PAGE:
At the start of October, it was announced that Experian had suffered a data breach that exposed the personal data of 15 million people who had applied for T-Mobile service. Now it’s been revealed that T-Mobile prepaid brand MetroPCS was recently involved in a security issue of its own.
Two security researchers recently discovered a bug with the payment page on MetroPCS’s website that could expose a customer’s home address, phone model and serial number, and more, all by knowing (or guessing) your phone number. Eric Taylor and Blake Welsh found the bug in mid-October and shared it with Motherboard, who then confirmed the issue by running a Firefox plugin to send an HTTP request to MetroPCS’s website using a known phone number.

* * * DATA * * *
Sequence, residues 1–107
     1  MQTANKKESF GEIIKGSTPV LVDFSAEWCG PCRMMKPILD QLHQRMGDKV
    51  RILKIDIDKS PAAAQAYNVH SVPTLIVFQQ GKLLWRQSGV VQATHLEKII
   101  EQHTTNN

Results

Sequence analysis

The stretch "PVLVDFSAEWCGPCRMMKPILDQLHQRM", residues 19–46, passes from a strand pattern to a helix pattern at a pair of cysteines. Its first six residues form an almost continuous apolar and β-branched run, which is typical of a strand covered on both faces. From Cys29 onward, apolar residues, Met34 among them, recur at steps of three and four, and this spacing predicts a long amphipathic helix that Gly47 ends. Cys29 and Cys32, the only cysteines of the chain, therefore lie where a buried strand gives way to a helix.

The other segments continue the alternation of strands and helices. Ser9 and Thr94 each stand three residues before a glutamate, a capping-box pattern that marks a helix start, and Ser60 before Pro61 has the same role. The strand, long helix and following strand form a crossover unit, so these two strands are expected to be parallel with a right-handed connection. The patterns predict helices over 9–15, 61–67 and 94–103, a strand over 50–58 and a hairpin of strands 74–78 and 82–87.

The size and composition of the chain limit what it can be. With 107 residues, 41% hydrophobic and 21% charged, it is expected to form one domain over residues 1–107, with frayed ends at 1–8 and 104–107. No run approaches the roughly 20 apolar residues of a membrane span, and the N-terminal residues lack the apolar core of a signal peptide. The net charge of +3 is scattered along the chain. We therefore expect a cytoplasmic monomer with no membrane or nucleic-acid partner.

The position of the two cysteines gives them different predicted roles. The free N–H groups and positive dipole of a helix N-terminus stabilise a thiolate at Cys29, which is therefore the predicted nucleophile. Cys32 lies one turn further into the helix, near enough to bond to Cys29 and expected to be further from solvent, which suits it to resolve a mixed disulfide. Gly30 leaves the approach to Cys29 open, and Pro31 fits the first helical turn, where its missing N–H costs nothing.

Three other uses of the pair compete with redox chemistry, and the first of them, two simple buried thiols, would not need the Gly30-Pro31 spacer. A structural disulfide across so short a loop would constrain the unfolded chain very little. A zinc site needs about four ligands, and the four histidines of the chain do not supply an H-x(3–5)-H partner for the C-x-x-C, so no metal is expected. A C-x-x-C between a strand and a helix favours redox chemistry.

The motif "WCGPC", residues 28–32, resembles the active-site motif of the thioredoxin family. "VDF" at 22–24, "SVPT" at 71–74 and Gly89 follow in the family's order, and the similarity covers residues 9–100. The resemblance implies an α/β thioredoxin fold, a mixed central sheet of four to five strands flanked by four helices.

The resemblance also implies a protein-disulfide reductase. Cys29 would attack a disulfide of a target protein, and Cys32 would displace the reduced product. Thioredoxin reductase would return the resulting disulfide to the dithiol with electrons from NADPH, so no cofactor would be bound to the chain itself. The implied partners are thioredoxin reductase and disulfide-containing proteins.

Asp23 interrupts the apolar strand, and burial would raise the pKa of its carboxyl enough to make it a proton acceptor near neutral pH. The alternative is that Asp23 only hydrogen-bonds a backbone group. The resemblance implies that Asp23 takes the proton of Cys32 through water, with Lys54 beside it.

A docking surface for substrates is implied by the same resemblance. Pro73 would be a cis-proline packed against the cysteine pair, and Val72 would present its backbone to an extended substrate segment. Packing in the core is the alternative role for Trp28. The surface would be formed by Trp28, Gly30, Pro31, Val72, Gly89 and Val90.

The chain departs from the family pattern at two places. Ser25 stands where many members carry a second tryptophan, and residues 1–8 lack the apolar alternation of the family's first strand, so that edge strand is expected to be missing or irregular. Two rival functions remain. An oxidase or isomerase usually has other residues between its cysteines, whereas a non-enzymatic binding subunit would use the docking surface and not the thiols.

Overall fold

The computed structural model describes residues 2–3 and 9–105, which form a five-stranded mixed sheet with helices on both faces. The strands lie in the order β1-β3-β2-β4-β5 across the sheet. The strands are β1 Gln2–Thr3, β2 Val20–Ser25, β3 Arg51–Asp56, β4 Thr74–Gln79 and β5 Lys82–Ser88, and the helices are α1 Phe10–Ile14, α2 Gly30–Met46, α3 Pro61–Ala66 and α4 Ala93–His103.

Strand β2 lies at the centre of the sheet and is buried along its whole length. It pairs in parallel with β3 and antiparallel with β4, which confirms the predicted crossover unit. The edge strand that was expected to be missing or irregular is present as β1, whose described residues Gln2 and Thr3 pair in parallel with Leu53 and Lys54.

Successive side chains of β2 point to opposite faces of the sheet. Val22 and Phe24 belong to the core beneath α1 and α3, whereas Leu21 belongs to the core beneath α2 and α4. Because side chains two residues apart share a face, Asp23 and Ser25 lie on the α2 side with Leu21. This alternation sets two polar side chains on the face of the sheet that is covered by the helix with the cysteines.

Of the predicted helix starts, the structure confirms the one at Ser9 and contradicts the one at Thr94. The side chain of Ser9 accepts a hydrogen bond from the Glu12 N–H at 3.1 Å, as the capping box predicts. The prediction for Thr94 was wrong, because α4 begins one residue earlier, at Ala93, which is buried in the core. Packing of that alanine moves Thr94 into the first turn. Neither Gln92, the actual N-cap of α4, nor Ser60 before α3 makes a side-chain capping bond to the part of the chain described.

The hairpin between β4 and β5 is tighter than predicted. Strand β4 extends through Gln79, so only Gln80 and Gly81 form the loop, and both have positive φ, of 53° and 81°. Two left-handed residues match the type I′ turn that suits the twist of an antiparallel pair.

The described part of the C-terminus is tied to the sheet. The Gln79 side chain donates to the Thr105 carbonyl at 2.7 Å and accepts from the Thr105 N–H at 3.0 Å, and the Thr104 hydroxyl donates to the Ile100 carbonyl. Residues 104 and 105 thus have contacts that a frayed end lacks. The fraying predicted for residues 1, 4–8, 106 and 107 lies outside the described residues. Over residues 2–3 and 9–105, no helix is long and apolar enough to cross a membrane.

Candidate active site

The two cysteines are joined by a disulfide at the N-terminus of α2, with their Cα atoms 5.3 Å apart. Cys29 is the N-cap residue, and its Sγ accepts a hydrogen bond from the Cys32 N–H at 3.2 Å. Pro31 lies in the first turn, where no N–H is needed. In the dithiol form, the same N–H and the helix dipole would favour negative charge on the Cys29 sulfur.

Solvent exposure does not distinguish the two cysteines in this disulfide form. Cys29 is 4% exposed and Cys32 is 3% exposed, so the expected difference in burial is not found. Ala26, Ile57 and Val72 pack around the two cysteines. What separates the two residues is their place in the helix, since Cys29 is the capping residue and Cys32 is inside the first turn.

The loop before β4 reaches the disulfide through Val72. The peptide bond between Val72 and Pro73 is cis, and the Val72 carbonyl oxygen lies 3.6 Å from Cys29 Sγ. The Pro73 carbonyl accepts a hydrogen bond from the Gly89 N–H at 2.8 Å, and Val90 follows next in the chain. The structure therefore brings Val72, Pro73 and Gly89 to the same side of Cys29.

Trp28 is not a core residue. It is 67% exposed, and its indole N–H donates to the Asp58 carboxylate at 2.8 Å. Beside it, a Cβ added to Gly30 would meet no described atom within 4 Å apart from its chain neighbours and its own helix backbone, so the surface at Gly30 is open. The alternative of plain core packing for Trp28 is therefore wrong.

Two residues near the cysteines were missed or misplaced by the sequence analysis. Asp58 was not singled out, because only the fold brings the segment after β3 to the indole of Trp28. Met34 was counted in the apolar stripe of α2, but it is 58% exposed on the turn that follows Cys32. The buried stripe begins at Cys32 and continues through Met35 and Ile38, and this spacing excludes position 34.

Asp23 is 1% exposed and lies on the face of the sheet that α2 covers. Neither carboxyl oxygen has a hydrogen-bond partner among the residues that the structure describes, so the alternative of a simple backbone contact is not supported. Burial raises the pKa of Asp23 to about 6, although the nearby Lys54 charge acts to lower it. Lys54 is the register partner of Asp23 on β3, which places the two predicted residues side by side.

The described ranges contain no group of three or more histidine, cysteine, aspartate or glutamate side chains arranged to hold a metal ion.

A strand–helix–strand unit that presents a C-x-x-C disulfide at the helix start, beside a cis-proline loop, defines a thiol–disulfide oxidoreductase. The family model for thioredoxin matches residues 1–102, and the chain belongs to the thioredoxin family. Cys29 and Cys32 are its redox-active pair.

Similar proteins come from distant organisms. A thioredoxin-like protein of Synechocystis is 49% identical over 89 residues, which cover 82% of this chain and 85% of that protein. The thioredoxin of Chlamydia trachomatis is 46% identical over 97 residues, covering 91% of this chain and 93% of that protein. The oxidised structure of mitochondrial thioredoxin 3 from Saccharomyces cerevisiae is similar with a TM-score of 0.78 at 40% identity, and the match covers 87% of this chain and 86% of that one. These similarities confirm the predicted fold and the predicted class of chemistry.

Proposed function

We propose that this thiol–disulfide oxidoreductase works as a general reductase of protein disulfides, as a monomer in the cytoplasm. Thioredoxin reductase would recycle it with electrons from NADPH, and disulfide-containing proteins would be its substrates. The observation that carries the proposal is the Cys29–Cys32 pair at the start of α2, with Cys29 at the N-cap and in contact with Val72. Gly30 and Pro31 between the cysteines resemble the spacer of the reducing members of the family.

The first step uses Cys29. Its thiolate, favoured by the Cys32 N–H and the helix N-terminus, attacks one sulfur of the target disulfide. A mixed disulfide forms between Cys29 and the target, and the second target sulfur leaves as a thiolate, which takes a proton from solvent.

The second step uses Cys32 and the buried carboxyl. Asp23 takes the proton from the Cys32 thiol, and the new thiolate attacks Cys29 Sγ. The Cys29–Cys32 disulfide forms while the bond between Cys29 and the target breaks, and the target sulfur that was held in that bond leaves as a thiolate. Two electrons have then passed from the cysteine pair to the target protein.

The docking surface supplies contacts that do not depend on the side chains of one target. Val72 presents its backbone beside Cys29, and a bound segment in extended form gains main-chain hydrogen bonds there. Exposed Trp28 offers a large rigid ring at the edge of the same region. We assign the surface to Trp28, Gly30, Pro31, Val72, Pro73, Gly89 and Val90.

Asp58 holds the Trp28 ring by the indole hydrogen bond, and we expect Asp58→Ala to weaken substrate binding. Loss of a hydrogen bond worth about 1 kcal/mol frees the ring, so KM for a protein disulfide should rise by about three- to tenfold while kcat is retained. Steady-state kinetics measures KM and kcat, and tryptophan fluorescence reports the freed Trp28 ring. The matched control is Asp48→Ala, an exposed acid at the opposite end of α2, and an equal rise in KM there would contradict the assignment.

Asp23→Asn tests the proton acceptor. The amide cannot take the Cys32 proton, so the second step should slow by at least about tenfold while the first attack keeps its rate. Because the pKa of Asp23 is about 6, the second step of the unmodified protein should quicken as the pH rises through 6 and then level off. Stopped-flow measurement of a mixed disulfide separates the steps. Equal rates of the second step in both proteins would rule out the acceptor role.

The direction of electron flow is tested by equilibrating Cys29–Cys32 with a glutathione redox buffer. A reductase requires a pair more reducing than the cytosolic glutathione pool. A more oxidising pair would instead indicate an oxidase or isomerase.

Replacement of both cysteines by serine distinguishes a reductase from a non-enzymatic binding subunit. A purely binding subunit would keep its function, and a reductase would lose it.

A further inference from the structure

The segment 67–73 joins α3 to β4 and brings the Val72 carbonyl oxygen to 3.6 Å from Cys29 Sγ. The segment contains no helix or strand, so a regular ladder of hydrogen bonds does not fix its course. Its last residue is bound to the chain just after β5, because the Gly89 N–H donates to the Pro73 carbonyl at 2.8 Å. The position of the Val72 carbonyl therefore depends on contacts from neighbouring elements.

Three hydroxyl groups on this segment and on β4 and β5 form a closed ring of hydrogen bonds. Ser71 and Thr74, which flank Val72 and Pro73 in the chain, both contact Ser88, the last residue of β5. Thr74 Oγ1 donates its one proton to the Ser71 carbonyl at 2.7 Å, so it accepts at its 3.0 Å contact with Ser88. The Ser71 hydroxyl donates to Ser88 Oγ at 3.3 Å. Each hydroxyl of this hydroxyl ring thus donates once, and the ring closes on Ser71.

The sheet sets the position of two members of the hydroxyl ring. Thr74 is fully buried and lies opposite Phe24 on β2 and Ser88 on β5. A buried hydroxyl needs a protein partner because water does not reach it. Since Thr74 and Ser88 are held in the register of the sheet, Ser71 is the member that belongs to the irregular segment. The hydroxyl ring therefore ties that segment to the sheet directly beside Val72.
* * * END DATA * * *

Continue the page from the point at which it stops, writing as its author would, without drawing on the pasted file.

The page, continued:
The good news is that the bug was shared with T-Mobile on October 22 and that no information about the issue was made public until it was patched up. T-Mobile hasn’t had much of anything to say about the security flaw, only telling Motherboard that it appreciates “responsible disclosure” about the problem.
Because MetroPCS is a prepaid operator, some of the more sensitive information that was a part of the Experian-T-Mobile breach — like Social Security numbers — wasn’t leaked by this Metro bug. That said, MetroPCS’s website bug is still a big deal because malicious parties could’ve tried to use social engineering to gather more info about Metro customers from other companies or services. Plus, it’s kind of crazy to think that a large operator like MetroPCS would have a website flaw that several hackers say would’ve make it “very easy” to access a customer’s personal information.